“What I really am trying to do is to make sure we have at least documented some of these traditional food-ways so that no matter where we go, what happens to us or our kids, like, we have a way to kind of figure it out,” Vasquez said.

Try one of her favorite recipes below, excerpted here courtesy of the cookbook’s publisher, Ten Speed Press, an imprint of Penguin Random House.

Yuca Frita con Pepescas

Yuca frita con pepescas is a pungent, popular dish.
Ten Speed Press
Yuca frita con pepescas is a pungent, popular dish.

There is no doubt about what you’re cooking when you open a plastic box of pepescas. People talk about the funky cheese that Salvadorans love, but in my personal opinion, the smell of these tiny dried sardines when fried is incomparable. I like to file them in the category of “so delicious to eat, but not so great to prepare.” They are potent, but so right as an accompaniment to yuca, followed with bites of tangy curtido and zesty watercress.

An option in many places in El Salvador is skipping frying the yuca altogether and only salcocharla (boiling it with garlic, onion, and salt) until it turns fluffy. This fluffy yuca with salty bits of fried pepescas is also a manjar, a heavenly delight. Either way, your home will know what you’re up to as soon as you open the pepesca package.

Yuquerias are a dominant culinary tradition of the Mejicanos neighborhood in San Salvador. Just like there are pupuserias, there are yuquerias that serve only items showcasing the gastronomic range of yuca, which covers a lot. They feature two main savory specialties: fried and boiled. In recent years, eleven festivals have been held to honor this cuisine and promote cultural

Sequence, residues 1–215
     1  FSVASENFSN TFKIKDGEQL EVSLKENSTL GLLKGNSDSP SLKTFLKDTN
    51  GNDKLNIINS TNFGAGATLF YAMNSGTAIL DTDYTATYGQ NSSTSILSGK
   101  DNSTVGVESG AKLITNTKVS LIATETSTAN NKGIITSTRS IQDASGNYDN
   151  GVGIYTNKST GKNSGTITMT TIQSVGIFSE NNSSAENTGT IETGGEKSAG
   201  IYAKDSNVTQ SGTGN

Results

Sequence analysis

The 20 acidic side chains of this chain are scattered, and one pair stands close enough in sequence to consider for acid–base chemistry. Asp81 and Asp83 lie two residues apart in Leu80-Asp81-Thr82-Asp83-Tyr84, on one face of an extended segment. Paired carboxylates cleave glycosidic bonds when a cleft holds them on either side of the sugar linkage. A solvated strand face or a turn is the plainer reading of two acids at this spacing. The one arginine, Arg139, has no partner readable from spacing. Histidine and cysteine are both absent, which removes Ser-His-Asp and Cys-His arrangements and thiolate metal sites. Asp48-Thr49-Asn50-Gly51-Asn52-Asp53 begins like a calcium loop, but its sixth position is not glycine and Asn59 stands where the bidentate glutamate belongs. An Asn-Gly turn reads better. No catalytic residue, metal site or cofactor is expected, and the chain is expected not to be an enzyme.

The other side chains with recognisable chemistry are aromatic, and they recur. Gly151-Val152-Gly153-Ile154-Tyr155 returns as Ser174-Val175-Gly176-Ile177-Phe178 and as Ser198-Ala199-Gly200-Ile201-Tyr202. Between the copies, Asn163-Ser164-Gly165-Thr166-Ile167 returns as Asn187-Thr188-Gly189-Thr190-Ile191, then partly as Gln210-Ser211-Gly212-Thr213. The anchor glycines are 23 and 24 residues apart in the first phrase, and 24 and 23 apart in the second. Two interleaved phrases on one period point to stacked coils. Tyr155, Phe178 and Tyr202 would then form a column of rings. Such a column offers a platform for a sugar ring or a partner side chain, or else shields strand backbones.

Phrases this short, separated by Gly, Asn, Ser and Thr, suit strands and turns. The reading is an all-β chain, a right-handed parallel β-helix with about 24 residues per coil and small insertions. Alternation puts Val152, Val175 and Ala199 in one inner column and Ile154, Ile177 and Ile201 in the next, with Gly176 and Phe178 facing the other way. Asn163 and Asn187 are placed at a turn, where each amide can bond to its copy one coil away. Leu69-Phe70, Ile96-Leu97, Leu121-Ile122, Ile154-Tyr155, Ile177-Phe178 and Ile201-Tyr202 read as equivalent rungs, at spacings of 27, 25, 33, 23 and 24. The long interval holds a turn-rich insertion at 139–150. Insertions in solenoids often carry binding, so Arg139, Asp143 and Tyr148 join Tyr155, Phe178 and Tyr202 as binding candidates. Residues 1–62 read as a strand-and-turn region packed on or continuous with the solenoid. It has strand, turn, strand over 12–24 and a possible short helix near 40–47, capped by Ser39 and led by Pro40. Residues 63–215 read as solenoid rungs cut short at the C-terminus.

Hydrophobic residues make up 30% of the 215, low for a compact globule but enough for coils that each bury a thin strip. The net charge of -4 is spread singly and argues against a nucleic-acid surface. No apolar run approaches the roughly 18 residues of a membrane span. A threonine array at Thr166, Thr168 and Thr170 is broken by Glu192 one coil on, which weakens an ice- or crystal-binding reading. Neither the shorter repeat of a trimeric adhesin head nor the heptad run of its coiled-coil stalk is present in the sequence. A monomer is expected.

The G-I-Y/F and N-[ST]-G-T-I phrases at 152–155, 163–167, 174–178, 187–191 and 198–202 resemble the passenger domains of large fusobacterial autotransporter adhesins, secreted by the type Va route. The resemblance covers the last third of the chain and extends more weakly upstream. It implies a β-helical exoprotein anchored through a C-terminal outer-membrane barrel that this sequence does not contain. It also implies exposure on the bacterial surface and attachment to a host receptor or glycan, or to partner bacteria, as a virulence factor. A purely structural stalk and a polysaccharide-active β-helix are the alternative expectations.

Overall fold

tradition in different areas of the municipality.

This offering also takes various forms. Some versions come with chicharrón and others with fritada, a mix of organ meats stewed in a sauce. But this one celebrates the wonderful — albeit pungent — pepescas. Isabel fries the yuca and pepescas and makes her own version of salsa roja with curtido.

You will need six banana leaves to line the serving plate. Most Latin American markets carry banana leaves year-round, so they should not be too difficult to source.

Makes 4 to 6 servings
3 pounds yuca (see “Consejo” below), cut into 2-inch pieces
1/2 medium yellow onion, peeled
4 garlic cloves, left whole
1 tablespoon sea salt
1 pinch baking soda
1 cup avocado oil

Isabel’s Salsa Roja
4 medium tomatoes, stemmed
2 medium green bell peppers, cored and halved
1 medium red onion, peeled
3 large garlic cloves, left whole
2 chiles de árbol
1/4 teaspoon dried oregano
2 tablespoons neutral oil (such as canola oil)

Isabel’s Curtido
3 cups cabbage, thinly sliced
1 cup hot water
Juice of 1 lemon
1/2 teaspoon kosher salt
1 cup thinly sliced radishes